Never Fear Hecklers
The best thing that can happen to an open-air meeting is to have a good heckler. Jesus gave us some of the greatest gems of Scripture because someone either made a statement or asked a question in an open-air setting. A good heckler can increase a crowd of 20 people to 200 in a matter of minutes. The air becomes electric. Suddenly, you have 200 people listening intently to how you will answer a heckler. All you have to do is remember the attributes of 2 Timothy 2:23–26: be patient, gentle, humble, etc. Don’t worry if you can’t answer a question. Just say, “I can’t answer that, but I’ll try to get the answer for you if you really want to know.” With Bible “difficulties,” I regularly fall back on the powerful statement of Mark Twain: “Most people are bothered by those passages of Scripture they don’t understand, but for me I have always noticed that the passages that bother me are those I do understand.”
“The best thing that can happen to an open-air meeting is to have a good heckler.”
A “good” heckler is one who will provoke your thoughts. He will stand up, speak up, then shut up so that you can speak. Occasionally, you will get hecklers who have the first two qualifications, but they just won’t be quiet. If they will not let you get a word in, move your location. Most of the crowd will follow. Better to have 10 listeners who can hear than 200 who can’t. If the heckler follows, move again…then the crowd will usually turn on him.
One ploy that often works with a heckler who is out solely to hinder the gospel is to wait until he is quiet and say to the crowd (making sure the heckler is listening also), “I want to show you how people are like sheep. When I move, watch this man follow me because he can’t get a crowd by himself.” His pride usually keeps him from following.
If you have a “mumbling heckler” who won’t speak up, ignore him and talk over the top of him. This will usually get him angry enough to speak up and draw hearers. There is a fine line between him getting angry enough to draw a crowd, and hitting you; you will find it in time.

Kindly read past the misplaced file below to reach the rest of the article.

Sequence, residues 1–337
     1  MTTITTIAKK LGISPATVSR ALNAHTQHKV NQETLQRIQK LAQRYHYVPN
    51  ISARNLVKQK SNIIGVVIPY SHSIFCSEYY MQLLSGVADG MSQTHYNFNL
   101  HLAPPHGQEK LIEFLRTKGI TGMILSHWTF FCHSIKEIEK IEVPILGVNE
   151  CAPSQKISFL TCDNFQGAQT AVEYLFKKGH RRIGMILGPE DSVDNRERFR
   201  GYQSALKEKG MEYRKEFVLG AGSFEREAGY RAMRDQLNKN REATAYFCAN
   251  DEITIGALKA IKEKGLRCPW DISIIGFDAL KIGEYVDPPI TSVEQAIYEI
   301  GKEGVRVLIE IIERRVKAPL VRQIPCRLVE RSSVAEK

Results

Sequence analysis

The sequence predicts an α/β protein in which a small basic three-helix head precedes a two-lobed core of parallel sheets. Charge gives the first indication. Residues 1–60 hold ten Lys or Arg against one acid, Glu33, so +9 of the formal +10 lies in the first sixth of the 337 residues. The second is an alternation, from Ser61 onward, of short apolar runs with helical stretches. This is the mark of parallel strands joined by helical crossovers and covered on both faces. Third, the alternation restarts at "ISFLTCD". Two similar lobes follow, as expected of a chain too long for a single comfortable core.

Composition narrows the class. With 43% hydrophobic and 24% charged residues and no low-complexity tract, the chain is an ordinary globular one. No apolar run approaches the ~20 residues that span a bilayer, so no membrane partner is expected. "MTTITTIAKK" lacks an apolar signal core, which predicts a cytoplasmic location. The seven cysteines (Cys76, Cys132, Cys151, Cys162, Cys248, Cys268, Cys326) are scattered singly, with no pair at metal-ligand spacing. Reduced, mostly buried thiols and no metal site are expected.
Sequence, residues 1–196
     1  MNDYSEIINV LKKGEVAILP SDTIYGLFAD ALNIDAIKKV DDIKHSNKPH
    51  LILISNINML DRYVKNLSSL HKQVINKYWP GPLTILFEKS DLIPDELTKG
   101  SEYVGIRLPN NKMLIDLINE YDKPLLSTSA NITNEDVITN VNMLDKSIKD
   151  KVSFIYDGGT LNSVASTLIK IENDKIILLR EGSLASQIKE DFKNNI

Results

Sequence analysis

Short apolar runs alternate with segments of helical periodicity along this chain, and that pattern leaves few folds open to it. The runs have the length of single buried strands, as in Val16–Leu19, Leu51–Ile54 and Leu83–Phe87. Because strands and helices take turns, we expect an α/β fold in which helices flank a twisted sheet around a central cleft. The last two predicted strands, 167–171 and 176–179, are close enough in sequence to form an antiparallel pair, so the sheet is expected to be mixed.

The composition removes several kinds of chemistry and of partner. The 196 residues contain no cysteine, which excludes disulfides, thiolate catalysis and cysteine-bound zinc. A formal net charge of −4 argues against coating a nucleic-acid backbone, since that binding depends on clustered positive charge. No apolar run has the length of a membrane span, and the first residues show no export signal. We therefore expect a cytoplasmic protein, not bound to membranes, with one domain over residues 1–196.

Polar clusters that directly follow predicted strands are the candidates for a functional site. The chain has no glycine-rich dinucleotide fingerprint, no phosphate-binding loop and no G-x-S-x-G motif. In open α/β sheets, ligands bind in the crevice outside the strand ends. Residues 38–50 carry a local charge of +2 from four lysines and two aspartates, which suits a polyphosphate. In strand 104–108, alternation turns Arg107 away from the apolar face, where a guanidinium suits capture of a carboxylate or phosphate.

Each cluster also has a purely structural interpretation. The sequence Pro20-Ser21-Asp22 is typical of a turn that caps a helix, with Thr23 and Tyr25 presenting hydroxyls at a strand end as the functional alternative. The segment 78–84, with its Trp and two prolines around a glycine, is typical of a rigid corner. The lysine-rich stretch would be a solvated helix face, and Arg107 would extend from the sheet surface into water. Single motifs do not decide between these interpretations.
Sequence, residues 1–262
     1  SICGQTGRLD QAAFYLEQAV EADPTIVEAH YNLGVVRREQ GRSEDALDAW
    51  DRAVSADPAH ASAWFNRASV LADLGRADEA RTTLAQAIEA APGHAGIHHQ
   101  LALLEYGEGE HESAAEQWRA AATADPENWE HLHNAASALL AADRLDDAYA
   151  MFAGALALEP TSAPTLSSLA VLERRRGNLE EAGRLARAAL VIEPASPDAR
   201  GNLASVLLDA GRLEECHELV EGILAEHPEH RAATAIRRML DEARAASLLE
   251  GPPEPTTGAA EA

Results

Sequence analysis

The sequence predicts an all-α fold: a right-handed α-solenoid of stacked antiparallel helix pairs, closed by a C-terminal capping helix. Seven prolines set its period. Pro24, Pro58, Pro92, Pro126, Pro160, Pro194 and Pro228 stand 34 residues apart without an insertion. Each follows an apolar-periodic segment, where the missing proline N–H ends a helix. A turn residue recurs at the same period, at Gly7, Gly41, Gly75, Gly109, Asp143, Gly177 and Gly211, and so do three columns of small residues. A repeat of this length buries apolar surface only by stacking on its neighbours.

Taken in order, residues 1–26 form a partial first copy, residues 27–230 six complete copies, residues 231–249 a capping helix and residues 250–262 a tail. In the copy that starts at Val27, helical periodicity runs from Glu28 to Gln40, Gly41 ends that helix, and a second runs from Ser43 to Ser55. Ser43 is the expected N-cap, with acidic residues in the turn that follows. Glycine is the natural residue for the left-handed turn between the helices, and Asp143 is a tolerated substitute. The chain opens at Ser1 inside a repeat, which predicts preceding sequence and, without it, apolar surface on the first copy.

If you are fortunate enough to get a heckler, don’t panic. Show him genuine respect, not only because he can double your crowd, but because the Bible says to honor all men (1 Peter 2:17), so you don’t want to offend him unnecessarily. Ask the heckler his name, so that if you want to ask him a question and he is talking to someone, you don’t have to say, “Hey, you!”
Often, people will walk through the crowd so they can get close to you and will whisper something like, “I think you are a #@*!$!” Answer loud enough for the crowd to hear, “God bless you.” Do it with a smile so that it looks as though the person has just whispered a word of encouragement to you. This will stop him from doing it again. The Bible says to bless those who curse you and do good to those who hate you (Matthew 5:44).
“The most angry hecklers are usually what we call ‘backsliders.’ These are actually false converts who never slid forward in the first place.”
Remember that you are not fighting against flesh and blood. Hecklers will stoop very low and be cutting and cruel in their remarks. If you have some physical disability, they will play on it. Try to smile back at them. Look past the words. If you are reviled for the name of Jesus, “rejoice, and be exceedingly glad.” Read Matthew 5:10–12 until it is written on the corridors of your mind.
The most angry hecklers are usually what we call “backsliders.” These are actually false converts who never slid forward in the first place. They “asked Jesus into their heart” but never truly repented. Ask him, “Did you know the Lord?” (see Hebrews 8:11). If he answers “Yes,” then he is admitting that he is willfully denying Him, and if he answers “No,” then he was never a Christian in the first place— “This is eternal life, that they might know you, the only true God, and Jesus Christ, whom you have sent” (John 17:3).